Remember in March when we thought that working from home would give us the opportunity to learn an instrument, get super fit, or renovate the basement? Yeahâ€¦most people are apt to dawdle away gained time. It takes a lot of work to be efficient with your time and energy.
â€śThe biggest mistake is not having a plan,â€ť says Craig Jarrow, founder of Time Management Ninja. The foundation of time management is a to-do list. Thatâ€™s not some 50-task monster checklist. Every day, try to home in on your top five priorities.
â€śWhat stops people from being productive isnâ€™t that theyâ€™re not doing enough, itâ€™s that theyâ€™re trying to do too much,â€ť says productivity coachÂ Grace Marshall, author of How to Be Really Productive. Instead of giving anything 100 percent, youâ€™re giving everything 10 percent.
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A paper to-do list is super visible, and gives you the satisfaction of crossing things off, says Jarrow. â€śBut apps have superpowers paper does not.â€ť Appleâ€™s Things app lets you create individual tasks (like errands), or larger projects with sub-tasks (like vacation planning), and assign deadlines; then it integrates your calendar to show you whatâ€™s on deck.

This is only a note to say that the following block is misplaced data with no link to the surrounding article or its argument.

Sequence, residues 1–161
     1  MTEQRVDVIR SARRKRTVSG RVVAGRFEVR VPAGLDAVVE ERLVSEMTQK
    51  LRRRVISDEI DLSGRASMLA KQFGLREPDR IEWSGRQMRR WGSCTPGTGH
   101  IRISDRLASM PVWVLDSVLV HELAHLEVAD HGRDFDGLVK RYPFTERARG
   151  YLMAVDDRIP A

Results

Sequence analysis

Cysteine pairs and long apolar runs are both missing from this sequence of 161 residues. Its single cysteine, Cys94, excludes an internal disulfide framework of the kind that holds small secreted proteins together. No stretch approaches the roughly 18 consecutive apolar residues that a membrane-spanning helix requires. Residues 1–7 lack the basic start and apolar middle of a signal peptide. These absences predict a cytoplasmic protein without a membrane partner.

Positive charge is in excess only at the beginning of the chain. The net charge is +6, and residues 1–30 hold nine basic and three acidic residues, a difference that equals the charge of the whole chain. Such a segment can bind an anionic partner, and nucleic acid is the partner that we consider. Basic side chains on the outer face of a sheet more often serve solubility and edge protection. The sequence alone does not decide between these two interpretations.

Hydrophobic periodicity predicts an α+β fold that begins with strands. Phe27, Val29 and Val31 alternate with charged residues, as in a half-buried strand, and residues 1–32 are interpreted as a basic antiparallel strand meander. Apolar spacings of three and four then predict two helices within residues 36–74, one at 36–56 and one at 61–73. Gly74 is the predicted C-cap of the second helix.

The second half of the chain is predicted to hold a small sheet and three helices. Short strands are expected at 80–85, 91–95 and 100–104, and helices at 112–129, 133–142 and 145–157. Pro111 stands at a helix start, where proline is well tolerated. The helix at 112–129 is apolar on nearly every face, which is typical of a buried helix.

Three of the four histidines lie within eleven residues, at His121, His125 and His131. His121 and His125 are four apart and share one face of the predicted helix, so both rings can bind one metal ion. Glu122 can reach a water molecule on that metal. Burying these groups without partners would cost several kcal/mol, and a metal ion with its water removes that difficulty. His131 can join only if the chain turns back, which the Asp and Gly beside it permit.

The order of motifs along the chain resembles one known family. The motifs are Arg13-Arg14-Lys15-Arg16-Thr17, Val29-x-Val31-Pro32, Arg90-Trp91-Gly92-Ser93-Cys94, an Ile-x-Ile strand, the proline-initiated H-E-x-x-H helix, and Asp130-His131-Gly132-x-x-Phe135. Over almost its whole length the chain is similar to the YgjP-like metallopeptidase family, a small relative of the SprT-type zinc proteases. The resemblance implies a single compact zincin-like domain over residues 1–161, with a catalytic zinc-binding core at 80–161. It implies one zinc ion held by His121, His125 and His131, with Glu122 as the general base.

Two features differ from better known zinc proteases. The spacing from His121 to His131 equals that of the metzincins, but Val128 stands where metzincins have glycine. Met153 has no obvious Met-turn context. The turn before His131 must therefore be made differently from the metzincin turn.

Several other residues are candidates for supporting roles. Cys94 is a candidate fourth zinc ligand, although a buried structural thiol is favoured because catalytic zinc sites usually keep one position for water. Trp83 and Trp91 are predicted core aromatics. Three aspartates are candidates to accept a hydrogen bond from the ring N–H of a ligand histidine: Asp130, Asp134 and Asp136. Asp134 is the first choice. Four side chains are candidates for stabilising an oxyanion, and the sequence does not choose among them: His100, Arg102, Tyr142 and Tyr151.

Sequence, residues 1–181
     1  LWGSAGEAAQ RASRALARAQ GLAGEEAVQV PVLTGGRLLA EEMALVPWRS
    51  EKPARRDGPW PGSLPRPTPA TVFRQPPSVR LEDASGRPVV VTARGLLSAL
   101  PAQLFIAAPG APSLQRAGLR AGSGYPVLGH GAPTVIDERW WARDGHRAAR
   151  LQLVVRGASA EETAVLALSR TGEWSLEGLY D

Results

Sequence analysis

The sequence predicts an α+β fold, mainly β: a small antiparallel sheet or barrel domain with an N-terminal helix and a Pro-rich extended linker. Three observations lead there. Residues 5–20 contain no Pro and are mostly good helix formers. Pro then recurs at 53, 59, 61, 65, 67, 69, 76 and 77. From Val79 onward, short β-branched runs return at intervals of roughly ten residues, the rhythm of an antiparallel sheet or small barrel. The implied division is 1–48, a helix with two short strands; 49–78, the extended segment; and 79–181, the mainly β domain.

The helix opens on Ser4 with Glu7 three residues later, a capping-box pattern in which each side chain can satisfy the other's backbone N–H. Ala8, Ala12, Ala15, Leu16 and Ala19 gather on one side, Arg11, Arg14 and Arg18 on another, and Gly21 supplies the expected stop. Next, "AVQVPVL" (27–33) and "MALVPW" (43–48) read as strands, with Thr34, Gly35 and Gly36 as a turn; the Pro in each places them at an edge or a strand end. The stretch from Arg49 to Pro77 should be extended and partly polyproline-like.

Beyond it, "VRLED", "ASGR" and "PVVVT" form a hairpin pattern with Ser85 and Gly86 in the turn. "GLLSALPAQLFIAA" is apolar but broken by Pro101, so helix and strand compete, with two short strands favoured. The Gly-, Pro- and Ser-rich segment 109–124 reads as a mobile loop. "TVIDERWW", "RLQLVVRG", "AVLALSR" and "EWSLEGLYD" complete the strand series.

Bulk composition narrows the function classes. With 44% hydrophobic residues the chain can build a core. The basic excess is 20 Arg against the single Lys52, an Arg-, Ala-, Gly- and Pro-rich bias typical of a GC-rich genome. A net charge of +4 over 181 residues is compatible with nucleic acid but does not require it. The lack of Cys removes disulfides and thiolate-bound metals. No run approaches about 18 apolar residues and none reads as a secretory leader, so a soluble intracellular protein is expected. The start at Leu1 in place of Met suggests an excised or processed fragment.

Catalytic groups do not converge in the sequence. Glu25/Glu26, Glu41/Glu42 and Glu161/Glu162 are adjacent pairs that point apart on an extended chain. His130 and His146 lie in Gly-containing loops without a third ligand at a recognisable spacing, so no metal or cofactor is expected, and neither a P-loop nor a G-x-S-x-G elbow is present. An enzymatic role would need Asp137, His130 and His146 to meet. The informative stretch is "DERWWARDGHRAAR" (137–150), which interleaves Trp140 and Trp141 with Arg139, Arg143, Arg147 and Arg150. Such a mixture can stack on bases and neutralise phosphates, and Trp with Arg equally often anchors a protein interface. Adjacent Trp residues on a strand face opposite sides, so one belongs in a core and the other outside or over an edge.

Just note, â€śif you overestimate how much you can get done in a day, you can under-estimate how much you can do in a year,â€ť says Marshall. Thatâ€™s how fitness, self-care, and time with friends and family fall by the wayside. Plan for those up front by scheduling vacation time in the beginning of the year, or penciling in workouts every other day.
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â€śPeople see stopping in the moment as a waste of time, but making space for these things over the course of the year actually makes you more productive, because it prevents burnout,â€ť Marshall explains.
It can also make you more accountable. Maybe you have a coworker you check in with every morning to share your plan for the day, or a running buddy you text every time you pound the pavement. Even a free app like Habit List can track healthy behaviors (like reading daily) so you can build momentum and get that same sense of accomplishment as crossing something off a to-do list.
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The most important thing: Stop living in your email, says Jarrow. Tools like SaneBox can filter your inbox so you stop experiencing that Pavlovian response to react to every single notification the second it pings. â€ś
Try only checking it three times a day,â€ť he says. Youâ€™ll be shocked how quickly you forget what itâ€™s like to be chained to that â€śnew messageâ€ť alert.